Author Archive

Seminar today

October 13th, 2011 Comments off

Title: Super-chip architecture for future convergence applications
Speaker: Dr. Hyung Gyu Lee from Georgia Institute of Technology
Time: 5PM today (2011.10.13)
Place: EB1 E101
Note: The adviser of the speaker, Prof. Jongman Kim, may give us some introductory overview of the project that will be presented today.

This seminar will be mostly about multi-core processor architecture for future digital convergence applications.

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Month of the Most Deadlines

September 8th, 2011 Comments off

Which month has the greatest number of deadlines for paper submission to conferences in our field? Well, you need to check all the conference deadlines, which is by no means an easy task, but these days it seems that September is definitely in the top class. In comparison, October/November seems to have far less. So what’s in September? DATE, CGO, IPDPS (October 1, so practically September), and I just received C4P for PECCS. Lesson? Summer is perhaps the best season to concentrate on conference papers…

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“Contact” feature now working

September 5th, 2011 Comments off

A new week, a new semester, and thanks heaven, next week is the Choosuk holiday (equiv to thanksgiving)!

I am happy to announce that the Contact page of this blog, which allows visitors to send messages to the lab admin, is now fixed and working fine.

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UNIST internet tip – DNS

September 2nd, 2011 Comments off

Why sometimes can’t I connect to or some other UNIST sites?
Most likely, the server is fine, but the DNS (Domain Name Server) setting has a problem.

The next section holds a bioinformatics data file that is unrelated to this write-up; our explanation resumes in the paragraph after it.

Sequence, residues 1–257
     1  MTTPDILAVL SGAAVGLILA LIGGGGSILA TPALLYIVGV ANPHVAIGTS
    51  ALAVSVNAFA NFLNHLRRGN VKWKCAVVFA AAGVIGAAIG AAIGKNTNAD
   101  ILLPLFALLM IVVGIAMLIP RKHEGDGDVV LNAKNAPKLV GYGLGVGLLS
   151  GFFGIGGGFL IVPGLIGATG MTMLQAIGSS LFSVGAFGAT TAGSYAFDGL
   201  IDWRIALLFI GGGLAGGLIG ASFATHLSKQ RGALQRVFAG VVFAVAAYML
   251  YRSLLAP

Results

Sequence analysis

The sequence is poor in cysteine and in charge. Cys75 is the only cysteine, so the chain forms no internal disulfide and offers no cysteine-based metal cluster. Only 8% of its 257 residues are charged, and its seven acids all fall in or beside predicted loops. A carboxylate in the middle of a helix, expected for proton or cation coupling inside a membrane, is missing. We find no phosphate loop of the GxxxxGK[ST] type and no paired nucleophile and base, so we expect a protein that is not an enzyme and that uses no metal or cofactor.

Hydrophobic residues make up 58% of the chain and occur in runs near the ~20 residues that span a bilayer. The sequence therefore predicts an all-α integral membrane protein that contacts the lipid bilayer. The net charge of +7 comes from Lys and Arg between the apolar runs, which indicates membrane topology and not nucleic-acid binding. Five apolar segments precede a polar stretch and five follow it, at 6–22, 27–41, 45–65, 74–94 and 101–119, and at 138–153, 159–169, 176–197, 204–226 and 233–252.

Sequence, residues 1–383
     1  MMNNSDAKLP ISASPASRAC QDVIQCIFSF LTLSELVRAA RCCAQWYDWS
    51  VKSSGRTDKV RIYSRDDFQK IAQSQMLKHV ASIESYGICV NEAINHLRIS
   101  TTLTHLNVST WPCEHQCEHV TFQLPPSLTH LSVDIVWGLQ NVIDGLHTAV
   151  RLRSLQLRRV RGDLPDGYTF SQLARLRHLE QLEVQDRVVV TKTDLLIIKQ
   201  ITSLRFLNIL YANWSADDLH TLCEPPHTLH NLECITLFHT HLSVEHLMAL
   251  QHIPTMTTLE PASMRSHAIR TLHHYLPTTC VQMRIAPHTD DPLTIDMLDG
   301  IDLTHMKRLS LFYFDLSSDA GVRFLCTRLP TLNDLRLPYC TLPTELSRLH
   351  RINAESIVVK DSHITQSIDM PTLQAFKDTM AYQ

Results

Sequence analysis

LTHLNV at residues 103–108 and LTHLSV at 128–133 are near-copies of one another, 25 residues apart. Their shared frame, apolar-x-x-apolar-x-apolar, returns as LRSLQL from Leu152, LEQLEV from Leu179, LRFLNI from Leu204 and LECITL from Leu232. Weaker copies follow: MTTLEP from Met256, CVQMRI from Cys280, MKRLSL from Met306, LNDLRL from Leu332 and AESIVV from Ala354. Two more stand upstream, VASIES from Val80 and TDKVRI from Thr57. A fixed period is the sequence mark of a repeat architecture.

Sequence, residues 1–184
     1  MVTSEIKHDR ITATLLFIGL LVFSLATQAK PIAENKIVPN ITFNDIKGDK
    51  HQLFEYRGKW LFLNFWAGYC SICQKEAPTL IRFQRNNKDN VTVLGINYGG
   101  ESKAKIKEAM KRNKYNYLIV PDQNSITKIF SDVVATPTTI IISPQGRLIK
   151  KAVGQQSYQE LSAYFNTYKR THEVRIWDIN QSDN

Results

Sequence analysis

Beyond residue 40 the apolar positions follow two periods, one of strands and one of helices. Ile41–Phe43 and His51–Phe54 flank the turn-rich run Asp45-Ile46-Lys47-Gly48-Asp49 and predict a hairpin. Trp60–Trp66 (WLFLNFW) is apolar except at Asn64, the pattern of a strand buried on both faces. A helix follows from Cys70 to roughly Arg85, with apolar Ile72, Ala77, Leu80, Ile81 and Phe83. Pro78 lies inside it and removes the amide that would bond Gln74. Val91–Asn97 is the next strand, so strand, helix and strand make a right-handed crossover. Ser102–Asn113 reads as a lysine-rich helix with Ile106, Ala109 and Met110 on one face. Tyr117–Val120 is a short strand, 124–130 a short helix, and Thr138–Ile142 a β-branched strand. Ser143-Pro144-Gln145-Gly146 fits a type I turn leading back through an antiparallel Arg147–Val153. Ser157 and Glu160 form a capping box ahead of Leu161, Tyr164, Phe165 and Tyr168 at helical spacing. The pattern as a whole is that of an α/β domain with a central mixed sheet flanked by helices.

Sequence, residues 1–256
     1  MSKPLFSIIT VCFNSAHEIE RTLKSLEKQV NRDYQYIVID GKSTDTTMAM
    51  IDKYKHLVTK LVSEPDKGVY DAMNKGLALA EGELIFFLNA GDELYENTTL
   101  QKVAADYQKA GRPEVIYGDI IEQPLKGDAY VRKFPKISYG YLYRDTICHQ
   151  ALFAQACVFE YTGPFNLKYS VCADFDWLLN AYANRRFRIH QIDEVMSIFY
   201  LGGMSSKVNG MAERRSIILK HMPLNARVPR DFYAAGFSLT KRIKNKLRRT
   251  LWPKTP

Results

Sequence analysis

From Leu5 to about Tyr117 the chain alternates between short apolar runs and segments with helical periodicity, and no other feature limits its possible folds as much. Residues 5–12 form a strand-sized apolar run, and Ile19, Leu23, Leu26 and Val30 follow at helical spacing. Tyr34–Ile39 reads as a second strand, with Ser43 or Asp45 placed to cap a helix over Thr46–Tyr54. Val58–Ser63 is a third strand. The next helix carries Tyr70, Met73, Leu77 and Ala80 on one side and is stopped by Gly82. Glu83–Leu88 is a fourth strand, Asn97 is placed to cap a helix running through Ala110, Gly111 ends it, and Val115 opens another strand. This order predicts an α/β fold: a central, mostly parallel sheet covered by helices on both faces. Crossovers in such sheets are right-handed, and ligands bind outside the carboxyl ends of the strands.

Then how should I fix it?
The short answer is to use the primary DNS only:, or if you must use the secondary as well, try this:

According to the DNS Setting Guide, 2009.8 version, the primary DNS of UNIST is, and the secondary is Or if you use WUNIST_AAA (campus-wide wireless network) the secondary DNS is Those secondary DNS servers all have problems. The server returns external IPs for internal server domains, which don’t work more often than it do. The server doesn’t work at all. So the solution is just to remove the secondary DNS, and use the primary only.

What if I’m using DHCP — for example, WUNIST_AAA? Then you can’t get rid of, but it should be fine because doesn’t return anything, so your computer will try the primary only anyway.

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Welcome Party!

September 1st, 2011 Comments off

Welcome, New Grad Students!

Today we have a big welcoming party with faculty members, admin staff members, and all grad students. Have fun!

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Seminar by Dr. Youngsoo Shin, Thu 9/29

August 30th, 2011 Comments off

Dr. Youngsoo Shin, who is an IDEC Distinguished Lecturer, will visit ICCL, UNIST and give a talk on Thursday, Sept. 29. I’m sure his talk will be a very interesting and informative one. Please attend. This is also part of the ECE590 seminar.

Title: Heterogeneous Array of Programmable Logic: Push the Limit of Programmable Device
Time: 4 pm (yes, it’s Thursday, not Wednesday)
Place: the usual place (the classroom)

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Host name change (from hpc to

August 28th, 2011 Comments off